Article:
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IBM's Oscar Ads Star Ridley Scott, Carrie Fisher and Watson

Watson Interviews Filmmaker About Storytelling in One Spot, and Joins a Support Group in Another

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IBM is debuting two ads starring filmmaker Ridley Scott, actress Carrie Fisher and its Watson cognitive computing system during the Academy Awards broadcast Sunday night.

In one spot, Watson talks to Mr. Scott -- director of best-picture nominee "The Martian" -- about visual storytelling. In the other spot, actress Carrie Fisher (from "Star Wars"), leads a support group for outdated robots and invites Watson to help them confront their issues.

"We have seen, through the very creative talent of Hollywood, a very different depiction of what artificial intelligence is all about," said Stephen Gold, chief marketing officer of IBM Watson.

"We want to dispel the dystopian view of artificial intelligence and show how individuals, organizations and professionals are using AI technology today to take on very important challenges and business problems."

The ads were created by IBM's agency of record Ogilvy and Mather and were directed by Joe Pytka. The budget was undisclosed.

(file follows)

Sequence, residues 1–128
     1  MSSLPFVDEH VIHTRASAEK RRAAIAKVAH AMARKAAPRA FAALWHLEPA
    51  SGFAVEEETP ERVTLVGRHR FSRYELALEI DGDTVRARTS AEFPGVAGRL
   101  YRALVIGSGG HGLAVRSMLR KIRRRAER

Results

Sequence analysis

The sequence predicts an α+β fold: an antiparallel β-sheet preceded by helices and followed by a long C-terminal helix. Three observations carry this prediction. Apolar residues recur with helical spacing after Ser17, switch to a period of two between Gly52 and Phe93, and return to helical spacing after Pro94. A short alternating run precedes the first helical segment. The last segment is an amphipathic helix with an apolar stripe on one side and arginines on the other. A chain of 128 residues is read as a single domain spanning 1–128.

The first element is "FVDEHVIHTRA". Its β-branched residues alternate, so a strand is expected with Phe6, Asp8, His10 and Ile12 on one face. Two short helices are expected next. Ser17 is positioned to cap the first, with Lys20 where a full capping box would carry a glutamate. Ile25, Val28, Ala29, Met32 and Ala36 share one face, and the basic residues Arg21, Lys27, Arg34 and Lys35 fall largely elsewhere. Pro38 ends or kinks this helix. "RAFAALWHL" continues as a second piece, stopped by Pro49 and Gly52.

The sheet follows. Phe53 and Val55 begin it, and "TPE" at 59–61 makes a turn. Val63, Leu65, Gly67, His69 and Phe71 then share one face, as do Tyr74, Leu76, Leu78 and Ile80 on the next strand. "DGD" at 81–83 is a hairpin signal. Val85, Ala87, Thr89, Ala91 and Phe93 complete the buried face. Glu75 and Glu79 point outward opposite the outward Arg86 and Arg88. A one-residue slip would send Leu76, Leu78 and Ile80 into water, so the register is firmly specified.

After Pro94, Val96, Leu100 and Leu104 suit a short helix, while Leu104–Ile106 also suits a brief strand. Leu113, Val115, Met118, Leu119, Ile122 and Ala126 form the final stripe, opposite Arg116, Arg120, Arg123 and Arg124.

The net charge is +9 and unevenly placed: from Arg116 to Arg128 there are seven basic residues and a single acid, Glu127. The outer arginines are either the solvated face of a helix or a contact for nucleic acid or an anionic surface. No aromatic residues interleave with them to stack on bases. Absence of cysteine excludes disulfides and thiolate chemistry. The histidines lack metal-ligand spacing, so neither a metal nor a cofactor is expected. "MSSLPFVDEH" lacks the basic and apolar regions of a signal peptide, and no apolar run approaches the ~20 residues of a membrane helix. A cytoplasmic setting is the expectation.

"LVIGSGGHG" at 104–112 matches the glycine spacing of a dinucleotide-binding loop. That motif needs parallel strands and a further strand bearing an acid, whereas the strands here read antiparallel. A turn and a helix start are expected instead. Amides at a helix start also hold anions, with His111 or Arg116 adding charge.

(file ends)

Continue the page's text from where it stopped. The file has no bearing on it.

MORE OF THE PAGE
"The Ridley Scott spot is an extension of what we've been doing with the 'Watson and Me' ads, in which a notable person is talking to Watson about a topic -- from education to language to food -- and they are learning from each other; that is how Watson works," said Ann Rubin, VP-content and global creative at IBM.

Previous "Watson and Me" ads have featured folk rock legend Bob Dylan, behavioral economics professor Robert Thaler and former "Jeopardy" champ Ken Jennings.

In the Ridley Scott ad, Watson says he's analyzing images for factory managers, salespeople and healthcare professionals.

Mr. Scott tells him that's not exactly "movie material," to which Watson replies, "Perhaps the healthcare professional could be played by Matt Damon (best-actor nominee for 'The Martian.')"

In the Carrie Fisher ad, Watson joins a support group of outdated robots, who are upset they are being replaced by newer technology. "It's like the world doesn't need us anymore," says one robot.

Ms. Fisher says she invited Watson to "confront the source of our anxiety." Watson tells the group he's a cognitive computing system that works with humans to understand reason and learn. The bots say they're not interested in working with humans and take a coffee break.

IBM has also created a series of videos featuring each robot, including Gadget Bot, Duster Bot, Shy Bot and others. The videos, which are being used on social media, each end with a Watson capability, such as "IBM cognitive systems can help cities decrease pollution," and "IBM Watson can understand millions of social feeds to help spot trends."

The bots will be live-tweeting during the Oscars, reacting to the winners and events on stage.

"With the diversity of the audience watching, we wanted to reach out in a way that is very consumable through humor and ignite the conversation about cognitive computing," Ms. Rubin said.

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